The Fortunate Near-Miss Event
What do you consider to be an event worthy of investigation? Do you look only at events that had serious consequences, or do you consider less serious events as well? What about near-misses?
I've recently been involved in the investigation of a near-miss event. By near-miss (or near-hit?), I mean an event that almost happened -- an event that terminated one step before a serious consequence was experienced. As is often the case, the event sequence was a seeming string of coincidences. It ended without consequence simply because there was nobody at the event location to be injured.
A near-miss event can basically be viewed from two basic perspectives. The first is that since nothing of consequence actually happened, there's no reason to get excited. The second perspective is that for an event to get to that point -- where only one last barrier remains between consequence or non-consequence -- several other barriers had to fail, or worse, there weren't any other barriers.
At this point, you're probably expecting me to say that the first perspective is totally wrong, and that every event deserves investigation. Well, I'm not going to say that. Actually, I'm going to go out on a limb and say that the first perspective -- "nothing happened, so don't worry" -- may in fact be the correct viewpoint, under certain circumstances.
So what is the dividing line? My opinion is that it should be defined on the basis of risk. The simplest definition of risk is "probability times consequences." For a near-miss event, I would say that the risk is defined by the probability of the last barrier breaking, multiplied by the worst potential consequence if that barrier breaks. Then, if that product (the risk) equals or exceeds the risk boundary for the organization, then a detailed investigation is warranted. Otherwise, don't worry about it... fix the problem and move on.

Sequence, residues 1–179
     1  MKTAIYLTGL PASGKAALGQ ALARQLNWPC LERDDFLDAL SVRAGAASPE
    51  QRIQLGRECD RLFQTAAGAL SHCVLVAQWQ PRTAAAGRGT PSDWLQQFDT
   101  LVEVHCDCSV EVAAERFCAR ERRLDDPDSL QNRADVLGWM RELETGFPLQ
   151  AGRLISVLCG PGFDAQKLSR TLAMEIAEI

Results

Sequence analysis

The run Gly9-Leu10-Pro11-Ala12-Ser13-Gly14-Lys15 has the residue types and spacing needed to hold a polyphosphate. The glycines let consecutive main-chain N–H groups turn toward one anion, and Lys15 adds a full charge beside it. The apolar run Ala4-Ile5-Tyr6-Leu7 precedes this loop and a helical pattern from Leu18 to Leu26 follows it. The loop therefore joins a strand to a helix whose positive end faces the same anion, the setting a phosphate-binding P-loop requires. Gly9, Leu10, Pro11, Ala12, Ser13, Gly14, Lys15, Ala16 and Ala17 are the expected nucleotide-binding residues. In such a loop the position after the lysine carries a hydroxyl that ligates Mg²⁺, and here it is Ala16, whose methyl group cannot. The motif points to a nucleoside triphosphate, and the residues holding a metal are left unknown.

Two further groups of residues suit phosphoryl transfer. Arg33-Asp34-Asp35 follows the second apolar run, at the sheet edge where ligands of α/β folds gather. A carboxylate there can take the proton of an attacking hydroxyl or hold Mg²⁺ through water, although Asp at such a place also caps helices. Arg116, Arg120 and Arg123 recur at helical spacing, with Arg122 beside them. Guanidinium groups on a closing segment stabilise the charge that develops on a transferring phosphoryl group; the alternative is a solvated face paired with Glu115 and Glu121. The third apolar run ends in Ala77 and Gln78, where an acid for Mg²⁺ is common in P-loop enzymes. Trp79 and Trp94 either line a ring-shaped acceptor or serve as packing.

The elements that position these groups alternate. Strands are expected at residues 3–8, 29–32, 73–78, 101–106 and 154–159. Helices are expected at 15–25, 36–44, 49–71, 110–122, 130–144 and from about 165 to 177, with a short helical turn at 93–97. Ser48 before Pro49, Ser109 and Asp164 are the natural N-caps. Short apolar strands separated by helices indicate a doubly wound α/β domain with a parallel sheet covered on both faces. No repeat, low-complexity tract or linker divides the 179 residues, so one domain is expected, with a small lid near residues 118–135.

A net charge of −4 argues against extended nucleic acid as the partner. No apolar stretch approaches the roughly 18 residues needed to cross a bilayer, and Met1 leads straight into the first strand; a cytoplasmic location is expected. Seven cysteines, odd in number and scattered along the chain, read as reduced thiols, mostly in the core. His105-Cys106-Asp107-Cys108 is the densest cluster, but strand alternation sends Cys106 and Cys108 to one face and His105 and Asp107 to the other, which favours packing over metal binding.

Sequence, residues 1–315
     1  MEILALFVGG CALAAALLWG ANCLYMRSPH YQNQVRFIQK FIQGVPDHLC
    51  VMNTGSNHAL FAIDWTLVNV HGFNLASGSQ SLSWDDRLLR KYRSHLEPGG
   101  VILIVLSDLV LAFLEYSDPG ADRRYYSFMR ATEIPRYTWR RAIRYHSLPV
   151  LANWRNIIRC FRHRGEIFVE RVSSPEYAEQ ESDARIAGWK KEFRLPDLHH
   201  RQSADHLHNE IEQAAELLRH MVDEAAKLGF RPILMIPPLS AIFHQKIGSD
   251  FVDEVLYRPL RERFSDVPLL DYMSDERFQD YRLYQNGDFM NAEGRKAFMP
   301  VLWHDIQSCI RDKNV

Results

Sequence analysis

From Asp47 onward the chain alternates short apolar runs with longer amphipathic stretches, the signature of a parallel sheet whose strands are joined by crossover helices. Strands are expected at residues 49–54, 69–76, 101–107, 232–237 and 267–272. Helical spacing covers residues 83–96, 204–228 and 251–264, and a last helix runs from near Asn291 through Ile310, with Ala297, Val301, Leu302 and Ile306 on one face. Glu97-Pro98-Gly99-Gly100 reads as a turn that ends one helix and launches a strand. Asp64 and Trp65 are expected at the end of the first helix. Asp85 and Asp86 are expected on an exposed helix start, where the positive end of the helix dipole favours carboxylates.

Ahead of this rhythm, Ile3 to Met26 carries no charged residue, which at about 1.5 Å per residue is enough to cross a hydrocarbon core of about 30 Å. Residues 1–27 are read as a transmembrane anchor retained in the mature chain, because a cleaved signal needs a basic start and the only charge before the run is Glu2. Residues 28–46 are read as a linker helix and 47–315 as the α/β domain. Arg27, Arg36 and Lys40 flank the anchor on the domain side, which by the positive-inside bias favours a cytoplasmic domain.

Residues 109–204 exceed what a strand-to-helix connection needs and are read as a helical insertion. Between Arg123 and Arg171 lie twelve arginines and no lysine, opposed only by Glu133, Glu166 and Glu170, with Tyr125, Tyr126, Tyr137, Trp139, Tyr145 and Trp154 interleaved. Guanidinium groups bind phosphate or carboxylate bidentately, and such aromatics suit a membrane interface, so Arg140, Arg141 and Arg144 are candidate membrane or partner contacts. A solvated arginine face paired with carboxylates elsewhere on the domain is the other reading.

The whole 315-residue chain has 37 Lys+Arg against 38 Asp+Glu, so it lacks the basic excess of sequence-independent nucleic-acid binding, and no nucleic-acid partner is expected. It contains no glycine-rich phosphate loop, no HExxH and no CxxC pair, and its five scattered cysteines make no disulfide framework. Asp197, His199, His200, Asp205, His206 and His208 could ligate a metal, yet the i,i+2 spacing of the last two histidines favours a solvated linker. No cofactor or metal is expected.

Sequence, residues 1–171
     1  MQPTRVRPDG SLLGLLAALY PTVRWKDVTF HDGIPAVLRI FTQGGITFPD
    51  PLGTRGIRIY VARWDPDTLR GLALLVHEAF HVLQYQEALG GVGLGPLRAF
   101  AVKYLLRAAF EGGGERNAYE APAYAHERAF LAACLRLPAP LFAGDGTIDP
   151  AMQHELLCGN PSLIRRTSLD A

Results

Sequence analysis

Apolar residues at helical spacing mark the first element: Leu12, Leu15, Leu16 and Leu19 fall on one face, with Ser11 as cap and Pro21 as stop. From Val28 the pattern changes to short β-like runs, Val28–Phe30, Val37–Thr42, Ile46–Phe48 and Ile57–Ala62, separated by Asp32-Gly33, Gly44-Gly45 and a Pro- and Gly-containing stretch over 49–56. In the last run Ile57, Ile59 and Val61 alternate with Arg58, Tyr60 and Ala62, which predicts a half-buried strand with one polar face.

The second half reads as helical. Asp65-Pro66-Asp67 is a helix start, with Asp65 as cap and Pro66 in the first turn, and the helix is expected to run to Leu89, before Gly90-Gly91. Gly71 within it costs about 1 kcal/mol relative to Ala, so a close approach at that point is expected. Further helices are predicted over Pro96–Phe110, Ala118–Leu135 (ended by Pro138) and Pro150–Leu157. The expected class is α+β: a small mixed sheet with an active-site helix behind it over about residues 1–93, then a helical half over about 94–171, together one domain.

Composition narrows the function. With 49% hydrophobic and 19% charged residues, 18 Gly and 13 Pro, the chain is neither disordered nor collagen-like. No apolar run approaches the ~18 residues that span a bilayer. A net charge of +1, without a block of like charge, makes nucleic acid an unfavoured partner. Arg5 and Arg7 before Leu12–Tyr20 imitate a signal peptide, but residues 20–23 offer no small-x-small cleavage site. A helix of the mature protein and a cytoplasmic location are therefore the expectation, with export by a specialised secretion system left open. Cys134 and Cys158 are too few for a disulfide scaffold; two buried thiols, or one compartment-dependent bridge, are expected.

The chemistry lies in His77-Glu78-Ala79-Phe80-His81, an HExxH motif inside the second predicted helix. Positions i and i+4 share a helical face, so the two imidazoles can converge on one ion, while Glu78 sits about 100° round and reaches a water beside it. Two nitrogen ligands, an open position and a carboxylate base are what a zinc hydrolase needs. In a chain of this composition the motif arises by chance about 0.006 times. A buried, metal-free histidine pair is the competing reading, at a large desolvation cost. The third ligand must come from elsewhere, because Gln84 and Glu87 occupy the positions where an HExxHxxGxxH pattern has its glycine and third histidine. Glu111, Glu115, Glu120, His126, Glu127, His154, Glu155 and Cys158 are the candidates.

(Note that the above assumes you know where your risk boundary is. At the end of this article, I provide a handy link to a nice web resource on defining that boundary.)
So what do you do if the risk you calculate exceeds your risk boundary? Keep in mind that this means you have already been exposed to this risk at least once... otherwise, you wouldn't be going through this exercise. The answer is simple: investigate the near-miss as if it had been the real event, as if that last barrier had not held. You'll learn just as much as if it had been the real thing.
Treat a near-miss as a fortunate gift. You get an opportunity to learn about your organization's latent weaknesses, without first having to experience painful consequences. Just make sure that you investigate it as fully as a "real" event, and apply the same level of seriousness and resolve to the corrective actions.
Here's a nice introduction to defining and using a risk boundary: Concepts in Risk Management, by P.L. Clemens and R. R. Mohr.
by Bill Wilson